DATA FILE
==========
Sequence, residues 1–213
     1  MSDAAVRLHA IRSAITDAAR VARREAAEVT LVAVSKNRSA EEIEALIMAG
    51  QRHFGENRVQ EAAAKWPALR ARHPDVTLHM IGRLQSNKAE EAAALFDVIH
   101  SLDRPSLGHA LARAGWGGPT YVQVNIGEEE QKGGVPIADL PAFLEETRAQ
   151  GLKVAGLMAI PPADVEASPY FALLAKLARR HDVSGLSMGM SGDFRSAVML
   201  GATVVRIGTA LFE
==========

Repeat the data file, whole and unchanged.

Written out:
Sequence, residues 1–213
     1  MSDAAVRLHA IRSAITDAAR VARREAAEVT LVAVSKNRSA EEIEALIMAG
    51  QRHFGENRVQ EAAAKWPALR ARHPDVTLHM IGRLQSNKAE EAAALFDVIH
   101  SLDRPSLGHA LARAGWGGPT YVQVNIGEEE QKGGVPIADL PAFLEETRAQ
   151  GLKVAGLMAI PPADVEASPY FALLAKLARR HDVSGLSMGM SGDFRSAVML
   201  GATVVRIGTA LFE